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Re: [css3-selectors] Explanation of what an id is should be non-normative

From: Øyvind Stenhaug <oyvinds@opera.com>
Date: Thu, 20 Oct 2011 11:59:29 +0200
To: "Boris Zbarsky" <bzbarsky@mit.edu>, "Bjoern Hoehrmann" <derhoermi@gmx.net>
Cc: "www-style list" <www-style@w3.org>
Message-ID: <op.v3m91fysbunlto@oyvinds-desktop>
On Thu, 20 Oct 2011 04:35:28 +0200, Bjoern Hoehrmann <derhoermi@gmx.net>  
wrote:

> * Boris Zbarsky wrote:
>> Oh, there's a problem in this case.  At least two people so far have
>> independently read this text to mean that in this testcase:
>>
>>   <style>
>>     * { color: red }
>>     #foo { color: green }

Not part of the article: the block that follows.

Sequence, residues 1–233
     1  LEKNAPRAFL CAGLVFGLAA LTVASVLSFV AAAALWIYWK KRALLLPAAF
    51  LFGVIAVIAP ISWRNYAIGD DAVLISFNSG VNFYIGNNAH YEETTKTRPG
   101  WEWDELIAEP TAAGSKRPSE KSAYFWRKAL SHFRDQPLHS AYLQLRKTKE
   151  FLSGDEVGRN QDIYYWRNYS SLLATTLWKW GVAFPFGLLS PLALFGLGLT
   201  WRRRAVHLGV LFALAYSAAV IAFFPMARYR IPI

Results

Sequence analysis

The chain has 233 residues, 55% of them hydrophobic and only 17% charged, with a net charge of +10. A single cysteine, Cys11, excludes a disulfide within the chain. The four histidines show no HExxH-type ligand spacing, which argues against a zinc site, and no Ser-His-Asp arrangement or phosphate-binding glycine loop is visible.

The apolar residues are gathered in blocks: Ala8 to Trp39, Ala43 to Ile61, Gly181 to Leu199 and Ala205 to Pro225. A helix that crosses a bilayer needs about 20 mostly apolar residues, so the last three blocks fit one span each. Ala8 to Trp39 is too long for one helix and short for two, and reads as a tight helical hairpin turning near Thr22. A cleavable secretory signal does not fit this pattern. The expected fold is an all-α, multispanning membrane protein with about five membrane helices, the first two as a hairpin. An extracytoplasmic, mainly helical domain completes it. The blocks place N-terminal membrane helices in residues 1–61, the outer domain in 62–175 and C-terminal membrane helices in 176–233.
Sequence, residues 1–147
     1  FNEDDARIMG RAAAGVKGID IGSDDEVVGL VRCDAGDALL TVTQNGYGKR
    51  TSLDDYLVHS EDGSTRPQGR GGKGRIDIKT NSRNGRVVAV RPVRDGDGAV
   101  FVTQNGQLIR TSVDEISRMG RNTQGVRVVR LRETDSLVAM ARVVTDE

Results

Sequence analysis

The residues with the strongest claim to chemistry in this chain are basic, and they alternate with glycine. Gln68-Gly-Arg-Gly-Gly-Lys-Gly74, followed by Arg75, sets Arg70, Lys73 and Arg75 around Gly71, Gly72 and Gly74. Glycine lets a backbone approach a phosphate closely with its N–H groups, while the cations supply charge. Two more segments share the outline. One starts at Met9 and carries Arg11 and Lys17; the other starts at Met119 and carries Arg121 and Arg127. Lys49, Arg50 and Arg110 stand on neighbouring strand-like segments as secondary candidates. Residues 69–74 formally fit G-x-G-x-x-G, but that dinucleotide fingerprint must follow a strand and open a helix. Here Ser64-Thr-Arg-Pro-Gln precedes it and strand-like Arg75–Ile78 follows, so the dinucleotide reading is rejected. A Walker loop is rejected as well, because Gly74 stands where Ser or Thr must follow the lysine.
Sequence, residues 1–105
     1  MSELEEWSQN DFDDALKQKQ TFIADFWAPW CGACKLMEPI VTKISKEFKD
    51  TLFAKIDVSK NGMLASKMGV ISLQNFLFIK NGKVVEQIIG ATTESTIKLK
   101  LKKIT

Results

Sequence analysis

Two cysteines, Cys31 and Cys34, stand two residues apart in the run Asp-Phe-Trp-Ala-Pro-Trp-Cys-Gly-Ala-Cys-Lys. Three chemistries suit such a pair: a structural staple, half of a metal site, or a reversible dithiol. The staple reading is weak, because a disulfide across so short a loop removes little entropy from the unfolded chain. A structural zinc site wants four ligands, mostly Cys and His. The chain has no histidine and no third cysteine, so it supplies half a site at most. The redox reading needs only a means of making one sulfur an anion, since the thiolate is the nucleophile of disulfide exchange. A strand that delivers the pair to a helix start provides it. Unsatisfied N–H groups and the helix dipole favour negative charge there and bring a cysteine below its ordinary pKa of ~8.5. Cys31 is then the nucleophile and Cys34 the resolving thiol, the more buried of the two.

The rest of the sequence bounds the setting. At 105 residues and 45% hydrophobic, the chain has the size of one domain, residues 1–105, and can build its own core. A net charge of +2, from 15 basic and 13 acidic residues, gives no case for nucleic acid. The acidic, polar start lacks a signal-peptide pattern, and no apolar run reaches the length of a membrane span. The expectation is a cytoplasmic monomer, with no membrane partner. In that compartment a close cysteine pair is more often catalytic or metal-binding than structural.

>>   </style>
>>   <div id="foo">Text</div>
>>   <div id="foo">Text</div>
>>
>> should have a green first line and a red second line because the
>> requirement that IDs be unique is normative CSS requirement...
>
> The last paragraph in the section defines how to handle this. If the
> text or the organization of the paragraphs is confusing, then the text
> should be changed so it's not confusing. Marking some sentences as not
> normative is unlikely to do that; it would be better to move the para-
> graph at the bottom before the example, for instance.

The last paragraph in section 6.5 says

"If an element has multiple ID attributes, all of them must be treated as  
IDs for that element for the purposes of the ID selector. Such a situation  
could be reached using mixtures of xml:id, DOM3 Core, XML DTDs, and  
namespace-specific knowledge."

That's one element with multiple ID attributes, not one ID attribute where  
the same value occurs for multiple elements.

-- 
Øyvind Stenhaug
Core Norway, Opera Software ASA
Received on Thursday, 20 October 2011 10:00:20 GMT

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